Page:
They're the UK's largest and possibly most magnificent beetle.

Measuring up to 7cm, male stag beetles, with their characteristic mix of black and chestnut brown bodies, are quickly recognisable.

They also sport impressive antler-like mouthparts, which they use to joust like knights, locking horns as they attempt to knock a competitor off a log or tree to earn the rights to mate with a female.

But despite their large size, beautiful colours and fascinating behaviour, many of us have never seen the UK's spectacular stag beetle.

One of the UK's most iconic insects is under threat and becoming increasingly rare to find, and that’s a real shame.

England is a stronghold for the beetle, which is why it is so important for us to look after it

So the People’s Trust for Endangered Species (PTES) is encouraging anyone who has seen a stag beetle to join their Great Stag Hunt Survey and record it.

“Reporting sightings helps us to keep an eye on how the beetle is faring, and we can learn so much about the species by observing their behaviour,” said Laura Bower, the charity's conservation officer.

So far this year there have been over 1,200 stag beetle sightings recorded, a number that will hopefully continue to grow over the summer. It’s vitally important that all sightings are reported.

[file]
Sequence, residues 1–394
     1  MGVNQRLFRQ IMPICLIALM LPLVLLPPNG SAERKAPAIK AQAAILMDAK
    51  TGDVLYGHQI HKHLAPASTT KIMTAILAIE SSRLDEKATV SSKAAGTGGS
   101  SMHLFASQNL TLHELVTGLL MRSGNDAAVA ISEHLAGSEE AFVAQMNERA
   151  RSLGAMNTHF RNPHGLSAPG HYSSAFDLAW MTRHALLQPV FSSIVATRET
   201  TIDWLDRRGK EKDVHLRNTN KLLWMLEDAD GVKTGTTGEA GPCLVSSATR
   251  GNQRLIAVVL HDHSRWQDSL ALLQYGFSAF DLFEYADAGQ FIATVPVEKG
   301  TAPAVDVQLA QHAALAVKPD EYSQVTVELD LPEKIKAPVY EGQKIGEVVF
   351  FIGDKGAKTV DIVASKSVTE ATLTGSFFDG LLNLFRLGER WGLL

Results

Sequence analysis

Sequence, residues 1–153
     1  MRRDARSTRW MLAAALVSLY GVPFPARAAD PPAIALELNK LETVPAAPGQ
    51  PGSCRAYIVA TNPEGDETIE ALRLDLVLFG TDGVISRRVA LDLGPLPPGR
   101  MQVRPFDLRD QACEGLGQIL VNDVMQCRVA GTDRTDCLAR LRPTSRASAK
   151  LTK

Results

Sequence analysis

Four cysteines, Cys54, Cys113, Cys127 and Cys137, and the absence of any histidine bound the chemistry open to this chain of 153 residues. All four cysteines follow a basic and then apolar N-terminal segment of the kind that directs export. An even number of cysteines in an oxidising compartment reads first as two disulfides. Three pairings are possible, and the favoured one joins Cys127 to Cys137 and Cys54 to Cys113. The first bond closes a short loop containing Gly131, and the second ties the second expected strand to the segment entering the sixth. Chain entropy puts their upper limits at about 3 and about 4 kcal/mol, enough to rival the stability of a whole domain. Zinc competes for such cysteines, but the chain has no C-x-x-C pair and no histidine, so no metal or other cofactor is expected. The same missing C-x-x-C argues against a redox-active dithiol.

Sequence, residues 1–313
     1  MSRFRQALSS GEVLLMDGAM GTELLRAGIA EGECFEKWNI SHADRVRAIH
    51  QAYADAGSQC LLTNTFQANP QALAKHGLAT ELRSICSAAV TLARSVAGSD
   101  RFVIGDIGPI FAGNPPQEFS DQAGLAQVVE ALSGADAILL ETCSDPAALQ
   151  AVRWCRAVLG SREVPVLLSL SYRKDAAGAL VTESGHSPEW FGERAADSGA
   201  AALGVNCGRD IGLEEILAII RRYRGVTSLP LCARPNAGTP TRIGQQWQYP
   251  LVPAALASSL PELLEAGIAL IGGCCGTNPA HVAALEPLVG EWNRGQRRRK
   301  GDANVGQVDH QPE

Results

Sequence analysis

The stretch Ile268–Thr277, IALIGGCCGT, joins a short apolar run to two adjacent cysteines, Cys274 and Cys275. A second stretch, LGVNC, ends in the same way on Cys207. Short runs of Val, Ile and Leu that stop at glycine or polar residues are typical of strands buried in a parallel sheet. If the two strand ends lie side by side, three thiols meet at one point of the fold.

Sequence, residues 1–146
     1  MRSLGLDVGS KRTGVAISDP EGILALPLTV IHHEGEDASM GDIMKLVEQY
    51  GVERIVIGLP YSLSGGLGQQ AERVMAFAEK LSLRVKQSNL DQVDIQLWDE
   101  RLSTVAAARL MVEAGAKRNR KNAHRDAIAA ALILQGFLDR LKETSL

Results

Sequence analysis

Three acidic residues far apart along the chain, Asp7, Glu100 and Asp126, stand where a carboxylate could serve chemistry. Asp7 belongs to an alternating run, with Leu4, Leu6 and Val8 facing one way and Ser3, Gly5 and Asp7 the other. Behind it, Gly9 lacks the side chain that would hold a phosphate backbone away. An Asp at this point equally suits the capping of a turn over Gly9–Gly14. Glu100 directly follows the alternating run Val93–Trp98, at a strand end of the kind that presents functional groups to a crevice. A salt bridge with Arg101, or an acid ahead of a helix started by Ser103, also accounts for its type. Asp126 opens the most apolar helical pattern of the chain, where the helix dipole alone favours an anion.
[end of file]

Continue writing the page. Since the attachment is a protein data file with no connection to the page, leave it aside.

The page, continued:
“The actual numbers of stag beetles are very hard to assess, but do appear to have stabilised in the UK, although declines are still going on across Europe.

“England is a stronghold for the beetle, which is why it is so important for us to look after it,” she added.

Life’s too short

A stag beetle’s life-cycle is quite remarkable.

It takes between two and five years for the larvae to develop underground, living solely on decaying wood. The adults emerge in May and June to reproduce.

However, the adult form only survives for a few months above ground; often it’s not long enough to find a mate before the summer ends.

According to Bower, the decline of the stag beetle has been mainly due to habitat loss, as they need dead and decaying wood for their larvae to feed on.

“As they have a long life-cycle, they are vulnerable to disturbance. For instance when dead trees are removed, this can devastate a local population,” she told BBC Earth.

And while the young can be so easily disturbed, the short-lived adults are vulnerable to magpies, cats, humans and many other predators.

To help them, Bower suggests that we leave dead trees and stumps or build log piles in our garden.

Building the perfect stag sanctuary is a good start and the PTES has some great tips on their website to help you.

There is no other creature here in the UK quite like it

“People are amazed when they discover that such a large, charismatic beetle can be found in their gardens,” she added.

They are easy to recognise and, despite their fierce appearance, are quite harmless to both humans and living wood and timber.

To find out more about the majestic stag beetle, the charity has a comprehensive guide on their website.

“There is no other creature here in the UK quite like it.”

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